calculating what needed to be done, and in what order to make the b**b, this is significant in that he brought all the minds of top physics, to look at what they had to do, and it show because at this summer school Edward Teller put forward the remote possibility that the b**b would generate enough heat to ignite the atmosphere. This concerned Oppenheimer enough, to meet with Arthur Compton in Michigan to discuss the situation. This shows significant as Oppenheimer got a problem pointed out to him, so he went out to found if it could happen and if so how likely would it be for it to happen.

    • Word count: 3090
  8. Discuss the influences on Malcolm X and how they helped form his ideology in the years 1949 to 1965?

    I feel I have answered the question with some difficulty. The question can be broken into two parts firstly, "the influences on Malcolm X" and secondly, "how they helped form his ideology". The Latter was the more difficult part as there wasn't a conclusive answer. All sources indicated varying views and sometimes led to speculation since Malcolm X's life ended prematurely without having come to a definite ideology. Maybe that was Malcolm X's vision or mission to help deliver the African Americans using all means at his disposal. Overall the question has been answered as best possible with the maximum use of sources and a huge variety of sources from books to videos.

    • Word count: 4726
  9. Comparison of Presidents Harry Truman, Dwight Eisenhower and Lyndon Johnson

    As part of the Fair Deal, Truman made an executive order in 1946 that had a major effect on civil rights. By this executive order, 9808, he created the Committee of Civil Rights. This committee was responsible for investigating the current status of civil rights in the U.S. and finding ways to improve the civil rights of the United States citizens, particularly African Americans. A year after the committee was formed, it released a report called To Secure These Rights.

    • Word count: 3608
  10. America's Reconstruction as Revolution

    When Union troops took over the land, most slaves no longer toiled for their owners and many fled to Union lines. The slaves could see what was on the horizon. "War, it has been said, is the midwife of revolution, and well before 1863 the disintegration of slavery had begun." 1 The Proclamation signaled a turning point in not only the war, but the direction of the entire nation. For the first time, the country specifically committed itself to the issues of the black population.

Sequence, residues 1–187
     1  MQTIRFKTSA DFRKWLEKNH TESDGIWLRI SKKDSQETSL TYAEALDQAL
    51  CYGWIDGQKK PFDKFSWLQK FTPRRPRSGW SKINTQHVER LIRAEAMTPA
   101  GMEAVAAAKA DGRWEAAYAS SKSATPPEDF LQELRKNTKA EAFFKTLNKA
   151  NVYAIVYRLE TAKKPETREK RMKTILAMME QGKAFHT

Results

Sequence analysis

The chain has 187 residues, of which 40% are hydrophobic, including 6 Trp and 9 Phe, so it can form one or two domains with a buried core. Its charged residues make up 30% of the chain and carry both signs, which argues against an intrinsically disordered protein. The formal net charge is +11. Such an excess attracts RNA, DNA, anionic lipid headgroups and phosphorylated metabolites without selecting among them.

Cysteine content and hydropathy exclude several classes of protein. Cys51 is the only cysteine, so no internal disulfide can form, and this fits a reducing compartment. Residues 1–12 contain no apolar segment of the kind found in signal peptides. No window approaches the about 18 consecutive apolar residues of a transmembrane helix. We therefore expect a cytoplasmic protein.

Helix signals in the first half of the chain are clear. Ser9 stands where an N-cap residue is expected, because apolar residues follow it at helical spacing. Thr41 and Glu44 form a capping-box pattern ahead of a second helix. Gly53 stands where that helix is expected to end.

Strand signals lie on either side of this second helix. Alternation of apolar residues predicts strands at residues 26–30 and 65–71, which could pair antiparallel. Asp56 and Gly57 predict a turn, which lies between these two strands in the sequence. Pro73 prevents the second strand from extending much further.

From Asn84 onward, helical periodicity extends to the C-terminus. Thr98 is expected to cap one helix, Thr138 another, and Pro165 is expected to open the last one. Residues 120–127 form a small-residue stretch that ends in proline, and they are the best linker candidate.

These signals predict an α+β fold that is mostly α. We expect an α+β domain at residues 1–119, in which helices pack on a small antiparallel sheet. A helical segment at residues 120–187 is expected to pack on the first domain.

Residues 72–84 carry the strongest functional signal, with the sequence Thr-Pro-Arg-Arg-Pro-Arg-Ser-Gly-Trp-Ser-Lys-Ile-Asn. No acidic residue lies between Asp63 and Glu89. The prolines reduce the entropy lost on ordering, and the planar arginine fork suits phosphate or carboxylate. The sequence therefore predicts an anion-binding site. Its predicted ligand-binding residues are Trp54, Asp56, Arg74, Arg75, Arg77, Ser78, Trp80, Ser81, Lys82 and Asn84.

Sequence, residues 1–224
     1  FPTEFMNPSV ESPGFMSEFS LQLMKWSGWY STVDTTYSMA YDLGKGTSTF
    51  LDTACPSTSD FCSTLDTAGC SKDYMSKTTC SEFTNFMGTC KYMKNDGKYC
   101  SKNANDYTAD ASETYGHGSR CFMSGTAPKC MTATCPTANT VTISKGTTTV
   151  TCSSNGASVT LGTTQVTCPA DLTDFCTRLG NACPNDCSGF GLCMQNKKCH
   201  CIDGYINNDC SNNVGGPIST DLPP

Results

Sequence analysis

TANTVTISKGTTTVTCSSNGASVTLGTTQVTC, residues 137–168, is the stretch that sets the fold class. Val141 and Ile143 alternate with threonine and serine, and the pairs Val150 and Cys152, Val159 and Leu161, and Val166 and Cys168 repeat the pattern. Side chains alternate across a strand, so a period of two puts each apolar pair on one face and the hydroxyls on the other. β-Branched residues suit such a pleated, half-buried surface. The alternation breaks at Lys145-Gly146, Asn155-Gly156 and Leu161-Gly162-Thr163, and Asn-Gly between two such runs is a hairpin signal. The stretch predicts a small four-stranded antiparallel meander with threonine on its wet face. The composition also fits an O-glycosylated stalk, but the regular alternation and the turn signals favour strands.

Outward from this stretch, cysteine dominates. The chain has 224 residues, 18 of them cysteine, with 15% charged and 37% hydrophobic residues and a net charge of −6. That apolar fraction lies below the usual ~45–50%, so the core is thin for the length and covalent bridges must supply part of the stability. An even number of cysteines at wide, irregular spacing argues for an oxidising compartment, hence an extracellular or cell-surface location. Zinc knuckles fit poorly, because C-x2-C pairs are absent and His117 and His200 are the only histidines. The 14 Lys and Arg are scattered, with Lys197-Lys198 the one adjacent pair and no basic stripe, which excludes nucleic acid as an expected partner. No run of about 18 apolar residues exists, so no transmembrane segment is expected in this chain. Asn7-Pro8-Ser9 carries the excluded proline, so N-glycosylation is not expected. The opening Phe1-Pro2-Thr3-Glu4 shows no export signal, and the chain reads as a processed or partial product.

• Word count: 3635
  11. Linguistic Study - Linguistic Analysis of Martin Luther King's 'I Have a Dream', and Abraham Lincoln's 'Gettysberg Address'

    I will keep an open mind while studying these speeches, and won't be biased about either of the speakers. I am particularly interested in Martin Luther King's speech as I respect what he achieved for equal rights. It is also a subject I feel strongly about, and would like to learn more about Luther King. During the 1950's in America, equal rights for all people, envisioned by the Declaration of Independence, was not progressing. n*****s, Hispanics and Orientals, were discriminated against in many ways. The 1950's were a tempestuous time in America, when racial barriers were began to fall due to Supreme Court decisions.

    • Word count: 5332
  12. a) "How far do these sources support the view expressed in source one that, in the years 1067-1075, William had favoured conciliation in his attempts to establish peace in England?"

    However, though acting on the King's behalf, of appeasement, Lanfranc would have used his own ideas and thoughts on the case. Finally, as Hereford was the son of William fitz Osbern, he could have been treated differently for his links with William I; they were friends from their childhood2. Source two and five disagree with the statement in source one. Source two is from the "Anglo-Saxon Chronicle"3; as a consequence of the invasion, William is described to have devastated Yorkshire ("Harrying of the North")

    • Word count: 3272
  13. The Interesting Narrative of Olaudah Equiano - overview

    Behn places emphasis on Oroonoko's physical appearance to highlight his nobility: "He was pretty tall, but of a shape the most exact that can be fancied. The most famous statuary could not form the figure of a man more admirably turned head to foot." (2175). This description of him creates the sense that he is a special and powerful person despite his position as a slave to justify and legitimize him as a worthy narrative subject. Placing him above a common slave may also be an important part in engaging the sympathies of the reader because they are able to imagine Oroonoko admirable instead of lowly.

    • Word count: 3235
  14. Weapons and Armour - Most civil war soldiers carried a rifled musket, which had quickly replaced the smoothbore muskets.